As part of the circular economy, there is an increasing interest in converting waste streams into feedstock (hydrocarbons) and energy carriers (biogas, syngas, oil, heat, hydrogen). During this online matchmaking event on December 1 we aim to match our partners under-utilized residual streams with the most suitable conversion technologies.
There are many different technologies under development for conversion of complex residual streams into energy carriers and/or smaller building blocks. How these technologies fit with the characteristics of each of the complex residual streams is often unknown.
- A high variation in composition
- Presence of contaminants
- Mixtures of biomass of plastics
- High mineral contents
- High water content and/or low and varying availability throughout the year
- High costs to get rid of these residual streams
ISPT wants to fill this gap by bringing together the owners of the residual streams, the innovative technologies ánd the experts in possible feedstock-process combinations from physical and thermodynamic perspective at this event.
You are welcome to join us
Our aim is to set up a joint development programme for the most promising waste stream valorisation processes
Please feel free to join us on December 1st. Due to the recently tightened governmental and in-company Covid-rules we have decided to change the physical event into an on-line pre-event from 14.00 to 16.30h. A follow-up physical matchmaking event is planned in February.
14.00h – Introduction (ISPT) + Antitrust rules
14.10h – Overview on the characteristics and challenges of the residual streams amount, seasonality, variation, composition, contaminations, challenges, current application
14.30h – Technology suppliers – feedback on applicability of their technology to the feedstock characteristics
16.00h – Experts view
16.30h – Closure
We are pleased to announce the technology suppliers that will present
- Alucha has a pyrolysis process for materials that consist of plastic or biomass on the one hand and minerals or metals on the other. The plastic/biomass converts into gas and oil, whereas the metal or mineral is left unchanged. Example feedstock are laminate materials (drink cartons, tooth paste tubes, pouches etc.) and mixed plastics, but also biomass streams such as sludges, rice husk and other similar streams.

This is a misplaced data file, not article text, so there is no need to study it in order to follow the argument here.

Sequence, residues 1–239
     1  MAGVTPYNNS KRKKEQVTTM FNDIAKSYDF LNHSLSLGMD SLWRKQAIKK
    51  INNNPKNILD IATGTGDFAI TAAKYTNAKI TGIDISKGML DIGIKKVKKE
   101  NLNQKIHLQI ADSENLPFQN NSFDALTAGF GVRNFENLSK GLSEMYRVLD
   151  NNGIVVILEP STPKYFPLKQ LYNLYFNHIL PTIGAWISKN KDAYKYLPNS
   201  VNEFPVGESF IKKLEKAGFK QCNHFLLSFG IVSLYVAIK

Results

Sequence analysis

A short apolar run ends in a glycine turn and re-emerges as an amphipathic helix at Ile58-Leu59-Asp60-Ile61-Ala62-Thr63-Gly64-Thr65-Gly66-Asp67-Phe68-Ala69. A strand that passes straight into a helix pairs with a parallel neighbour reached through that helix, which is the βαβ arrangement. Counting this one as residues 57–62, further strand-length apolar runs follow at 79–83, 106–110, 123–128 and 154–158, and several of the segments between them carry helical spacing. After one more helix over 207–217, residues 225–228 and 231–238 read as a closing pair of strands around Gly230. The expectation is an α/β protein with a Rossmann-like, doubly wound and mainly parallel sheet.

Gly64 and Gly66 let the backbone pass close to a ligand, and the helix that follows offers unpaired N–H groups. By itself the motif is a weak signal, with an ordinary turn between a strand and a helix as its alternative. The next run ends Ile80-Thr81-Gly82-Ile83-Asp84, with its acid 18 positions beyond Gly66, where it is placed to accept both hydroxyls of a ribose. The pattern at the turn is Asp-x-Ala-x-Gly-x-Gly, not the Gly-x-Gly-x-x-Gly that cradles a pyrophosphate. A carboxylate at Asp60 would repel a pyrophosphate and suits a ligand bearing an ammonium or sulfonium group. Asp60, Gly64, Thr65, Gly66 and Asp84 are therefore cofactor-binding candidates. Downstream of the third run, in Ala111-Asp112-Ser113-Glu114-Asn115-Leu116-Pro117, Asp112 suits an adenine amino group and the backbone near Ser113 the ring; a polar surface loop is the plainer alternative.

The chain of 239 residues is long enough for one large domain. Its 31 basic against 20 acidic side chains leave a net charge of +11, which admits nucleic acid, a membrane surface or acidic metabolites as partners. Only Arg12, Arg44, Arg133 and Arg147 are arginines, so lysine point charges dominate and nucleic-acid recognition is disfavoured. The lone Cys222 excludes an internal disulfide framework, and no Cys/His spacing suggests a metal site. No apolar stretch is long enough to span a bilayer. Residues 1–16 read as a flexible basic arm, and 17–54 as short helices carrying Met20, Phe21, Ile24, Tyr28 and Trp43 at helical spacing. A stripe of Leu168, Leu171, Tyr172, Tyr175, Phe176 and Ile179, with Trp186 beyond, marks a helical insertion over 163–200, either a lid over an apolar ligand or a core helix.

- BioBTX has an Integrated Cascading Catalytic Pyrolysis (ICCP) technology that converts non-food biomass and plastic waste into BTX, which are vital components needed to create high performance materials, such as new plastics.
- Carbonauten has an advanced pyrolytic carbonisation technology producing biocarbons from woody residues of biomasses from forestry, agriculture, food and wood industries. The products consist of a combination of biocarbons with various binders such as proteins, biopolymers, polymers, silicates, minerals, etc., which have new, sometimes superior properties, including weight and durability.
- DBG Bioenergy uses a patented enzyme technology, EpiCellulyse XT™, that converts high volumes of industrial biomass waste with no emissions or harmful effluents, into green BioLNG (biogas) for the energy and heavy transport sector as well green fertilisers for agricultural uses.
- DOPS DCI-process is a new, energy efficient, high temperature thermal conversion (combined pyrolization, carbonization, gasification) process. It “eats everything” as long as some hydrocarbons are still present. Polluting substances (PAC’s, PCB’s, dioxins, PFAS, etc.) will be broken down to basic elements and small molecules.
- SCW Systems develops the supercritical (water) gasification technology that converts (wet) organic residual flows such as sewage sludge, agricultural biomass, organic waste and industrial residues into green raw materials for the chemical industry and green fuels for the energy industry. The conversion takes place under high pressure and temperature above the so-called supercritical point of water. The output consists of green gas (methane), green hydrogen.
- Stork has developed the Solena Plasma Enhanced Gasification (SPEG) process that could potentially disrupt the hydrogen production market by producing 11 ton/day/unit green hydrogen from 120 ton/day/unit waste material, without the drawbacks related to electrolysis and gasification. The first unit will be constructed in Lancaster California.
- TNO investigates their proprietary so-called phlegmatization technique for the waste treatment of energetic materials, which are components that can release a lot of energy in a short time (explosives/fireworks/flares…).
- TORWASH® is a patented hydrothermal process that converts wet organic residues into a solid biofuel that can be used for heat and power applications. This process is performed under elevated temperature and pressure so that water does not evaporate. Water works as the reaction medium for hydrolysis reactions to take place leading to a stream that can be efficiently separated in a solid and a liquid fraction. The solid fraction can be efficiently pressed into pellets and from the liquid fraction, that contains dissolved organics, biogas can be produced in a digester. The biogas is sufficient to cover the energy requirements of the process. This makes it a zero-waste and energy-neutral process.
We have identified the following side streams
Click here to view the list of side stream categories
Platform on Waste Stream Valorisation Processes
This event is a starting point for the set-up of an ISPT Platform on Waste Stream Valorisation Processes. In this platform we will exchange knowledge and expertise on innovative technologies to assist the owners of residual streams in judging on – or distinguishing between – the applicability of the different technologies, or the potential market of the resulting (mixture of) components.
For the most relevant and promising waste stream valorisation process(es) a joint development programme will be set up.